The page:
Butlins: stranger than a psychiatric hospital


Ward at Glenside Hospital

‘A week in the life of a nursing assistant’ by Paul Tobia

It was 1981 and I had become a nursing assistant at Glenside Psychiatric Hospital. I applied for the job because I was skint and — as the job centre pointed out — my history degree did not qualify me for most forms of employment. Much to my surprise I enjoyed working at Glenside, perhaps because I’d always felt myself an ‘outsider’ and here I was among the ultimate ‘outsiders’.

I was on Ward 18. A ward for elderly men, who had been in the hospital for many years, but times were changing. As part of the plan to gradually introduce them to the outside world, a trip was secured to Butlins, Minehead. We were to learn this bit of the outside world was a lot stranger than Glenside; with a massive bar which held two thousand people and a volcano that erupted every 30 minutes. Welcome to normality.

I never fancied going to Butlins; the false and obligatory jollity enforced by the Butlins Redcoats was anathema to my quasi-hippy sense of enjoyment, yet I was chosen to go. With me went six men and two staff from our ward and similar numbers from an adjacent female ward. On arrival at Butlins we decided to give the men as much freedom as possible. There was a fence all around the camp so — unless they started tunnelling— they could not escape. Each patient was given £10 and told to do whatever they wanted. Not a wise move. Butlins is a big place. Thirty minutes later we could only locate one out of the six men. None came to any harm but it took hours to find them all. They could eat ice cream, candy floss and hamburgers and the pretty Redcoats were on hand to help them.  They were, with one exception, having a great time.

The patients seemed to find Butlins a lot less bizarre than the staff. Our days were very long. The patients were often up by six. Some needed help dressing. Then we all would partake in some of the many activities Butlins provided, with the exception of the expensive helicopter rides. Although one of the female patients did try: she was found inside the helicopter imploring the pilot to ‘take me away from this; we could be happy together’. In the evenings we would go to the massive bars, our favourite being the south sea island one where the exploding volcano was accompanied by the soundtrack of a tropical thunderstorm. One evening one of our men refused to leave the bar explaining, ‘I’m not going out in weather like this’. Finally, at around 11 p.m. the patients would be taken back to their chalets and helped to bed. One member of staff would stay with them while the others went back to the bar till about 3 a.m. — we did need a drink.

The patients adapted well to this routine, even the usually melancholic Charlie produced a rather beatific smile and asserted, ‘Yes, I’d like to live here’.  Another patient too was in his element. At Glenside he would spend all his time picking up cigarette dog-ends, which he then made into roll-ups. These he sold to the other patients for money or, it was rumoured, sexual favours. At Butlins everyone smoked – it was the 1980s – and he soon collected a massive bag of dog-ends, ten times what he would normally find. Despite us telling him he had money and he did not need to do that, he was not dissuaded and by the end of the week he had several hundred cigarettes prepared to take back to Glenside.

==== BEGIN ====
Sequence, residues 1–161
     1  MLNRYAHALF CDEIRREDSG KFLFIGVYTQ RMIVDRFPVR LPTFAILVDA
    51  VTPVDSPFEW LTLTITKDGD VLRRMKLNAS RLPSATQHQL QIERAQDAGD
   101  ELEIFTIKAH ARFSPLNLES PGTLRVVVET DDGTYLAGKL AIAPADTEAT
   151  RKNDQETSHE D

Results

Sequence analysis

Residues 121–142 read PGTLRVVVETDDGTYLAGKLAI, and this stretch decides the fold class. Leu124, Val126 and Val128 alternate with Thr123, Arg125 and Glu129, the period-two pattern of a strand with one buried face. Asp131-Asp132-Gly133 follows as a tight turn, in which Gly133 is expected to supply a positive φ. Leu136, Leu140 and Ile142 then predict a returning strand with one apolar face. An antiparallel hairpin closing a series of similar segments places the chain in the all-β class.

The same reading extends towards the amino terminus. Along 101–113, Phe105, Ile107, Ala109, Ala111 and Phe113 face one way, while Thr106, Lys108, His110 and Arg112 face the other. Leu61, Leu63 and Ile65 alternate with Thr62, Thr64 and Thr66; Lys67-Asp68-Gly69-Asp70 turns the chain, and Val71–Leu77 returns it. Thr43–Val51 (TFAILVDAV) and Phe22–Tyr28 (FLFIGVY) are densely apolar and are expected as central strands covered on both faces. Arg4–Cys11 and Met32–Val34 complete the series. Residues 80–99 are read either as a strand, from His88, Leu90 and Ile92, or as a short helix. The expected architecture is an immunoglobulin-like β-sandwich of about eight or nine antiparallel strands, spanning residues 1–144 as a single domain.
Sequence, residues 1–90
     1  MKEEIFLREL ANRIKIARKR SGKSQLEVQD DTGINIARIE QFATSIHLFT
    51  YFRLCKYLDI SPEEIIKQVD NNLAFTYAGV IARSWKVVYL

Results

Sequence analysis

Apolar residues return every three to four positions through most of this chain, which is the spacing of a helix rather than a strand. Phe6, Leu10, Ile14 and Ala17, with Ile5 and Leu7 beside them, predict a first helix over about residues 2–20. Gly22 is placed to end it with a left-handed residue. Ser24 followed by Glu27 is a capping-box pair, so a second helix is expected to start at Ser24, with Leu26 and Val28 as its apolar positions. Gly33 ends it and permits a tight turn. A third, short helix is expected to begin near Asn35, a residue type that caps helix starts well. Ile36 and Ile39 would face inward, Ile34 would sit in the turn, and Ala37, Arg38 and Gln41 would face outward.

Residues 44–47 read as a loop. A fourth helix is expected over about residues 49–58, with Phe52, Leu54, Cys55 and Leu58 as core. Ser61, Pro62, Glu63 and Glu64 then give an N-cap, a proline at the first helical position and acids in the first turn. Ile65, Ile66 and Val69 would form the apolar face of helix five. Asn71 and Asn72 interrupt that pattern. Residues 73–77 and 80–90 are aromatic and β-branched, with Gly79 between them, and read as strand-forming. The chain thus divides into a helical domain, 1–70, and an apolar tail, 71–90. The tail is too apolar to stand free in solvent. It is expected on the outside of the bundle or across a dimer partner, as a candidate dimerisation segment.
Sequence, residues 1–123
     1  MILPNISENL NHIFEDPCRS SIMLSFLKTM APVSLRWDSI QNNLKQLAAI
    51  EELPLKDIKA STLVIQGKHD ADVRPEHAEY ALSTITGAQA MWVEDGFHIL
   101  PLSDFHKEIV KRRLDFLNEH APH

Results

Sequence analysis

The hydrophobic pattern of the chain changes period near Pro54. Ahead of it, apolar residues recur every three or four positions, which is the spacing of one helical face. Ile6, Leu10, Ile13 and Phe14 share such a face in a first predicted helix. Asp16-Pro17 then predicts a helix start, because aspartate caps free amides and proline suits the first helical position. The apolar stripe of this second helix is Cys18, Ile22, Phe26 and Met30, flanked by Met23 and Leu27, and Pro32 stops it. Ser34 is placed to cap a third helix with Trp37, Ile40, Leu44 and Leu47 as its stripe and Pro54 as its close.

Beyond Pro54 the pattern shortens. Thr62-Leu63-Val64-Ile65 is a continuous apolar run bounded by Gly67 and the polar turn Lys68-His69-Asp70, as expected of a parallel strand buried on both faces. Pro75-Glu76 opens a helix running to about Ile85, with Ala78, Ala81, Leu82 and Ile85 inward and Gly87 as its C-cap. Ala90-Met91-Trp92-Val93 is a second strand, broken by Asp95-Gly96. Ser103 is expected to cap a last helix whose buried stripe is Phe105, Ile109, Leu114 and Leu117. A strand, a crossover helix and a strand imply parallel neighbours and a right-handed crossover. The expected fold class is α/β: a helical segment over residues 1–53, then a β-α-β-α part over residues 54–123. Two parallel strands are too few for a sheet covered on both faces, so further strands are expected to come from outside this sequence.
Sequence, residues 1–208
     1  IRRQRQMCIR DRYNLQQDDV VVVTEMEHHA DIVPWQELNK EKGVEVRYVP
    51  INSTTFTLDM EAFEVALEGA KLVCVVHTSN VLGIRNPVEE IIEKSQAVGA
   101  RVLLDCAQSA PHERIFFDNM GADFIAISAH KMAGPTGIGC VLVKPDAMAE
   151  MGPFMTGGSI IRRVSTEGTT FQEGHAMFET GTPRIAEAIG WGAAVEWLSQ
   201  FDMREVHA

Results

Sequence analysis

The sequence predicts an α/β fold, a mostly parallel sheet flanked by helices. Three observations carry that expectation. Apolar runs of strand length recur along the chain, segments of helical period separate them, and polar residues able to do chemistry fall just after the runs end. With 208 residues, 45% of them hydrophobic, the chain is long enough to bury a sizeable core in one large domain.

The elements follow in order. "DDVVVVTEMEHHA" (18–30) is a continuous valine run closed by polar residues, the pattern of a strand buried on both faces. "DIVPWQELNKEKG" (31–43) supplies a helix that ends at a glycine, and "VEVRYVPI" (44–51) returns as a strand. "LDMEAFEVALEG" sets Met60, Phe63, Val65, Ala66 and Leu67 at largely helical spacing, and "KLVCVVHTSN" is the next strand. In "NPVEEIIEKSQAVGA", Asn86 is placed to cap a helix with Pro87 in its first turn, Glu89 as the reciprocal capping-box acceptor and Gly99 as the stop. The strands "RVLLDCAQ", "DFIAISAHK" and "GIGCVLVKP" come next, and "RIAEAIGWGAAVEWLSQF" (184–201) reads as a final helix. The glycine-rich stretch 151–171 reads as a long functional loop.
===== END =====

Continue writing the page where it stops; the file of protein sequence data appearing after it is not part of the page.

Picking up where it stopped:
The exception was Mike, a small and slight man whose bitterness and bile knew no bounds. He hated the world and wanted everyone to know it. Why he was chosen to come to Butlins I will never understand. Someone must have thought it would cheer him up, but it didn’t. On the second day a Redcoat approached us and asked, ‘Do you have a very unpleasant old man called Mike with you? Because his trousers have fallen down and he is blaming passers-by. He is trying to hit them and is swearing continuously.’

I rushed to the scene. His trousers were round his ankles and he was swinging his fist at anyone who approached. Exhortations to calm down failed so I grabbed him round the waist, but he pulled away and fell into a rose bush. He emerged from the bush with several small cuts to his face and arms screaming to the now dozens of onlookers, ‘He’s trying to kill me; call the police’.

We had to drag him away; it was not a good advert for Glenside.

As the week came to a close, the patients (apart from Mike) had clearly adapted well and would have liked to have stayed longer but the staff were struggling. We had all taken to wearing headdresses with attached flashing lights, drinking too much and were suffering from sleep deprivation. When I got home I slept solidly for eighteen hours.

In retrospect this tale might say more about me than the hospital but I think it does capture a particular era. The psychiatric hospitals had been severely criticised for institutionalising the patients. The concept of de-institutionalising and introducing the patients to ‘normal life’ was in vogue. This story shows the vagary of that concept but in many ways it was a good time to start a psychiatric career. Things were changing for the better and ‘we’ve always done it like this’ was no longer a valid excuse for avoiding changes to nursing practice.

On Ward 18 the redoubtable Sister instituted a period of change which at least mitigated the worst effects of institutional life. One of my proudest achievements was that I got 30 out of the 32 patients to shave themselves after being told they were incapable of this. While the Butlins experience may not have achieved the questionable aim of making the patients more ‘normal’, it did give them a very different experience in a life that was lacking in variety.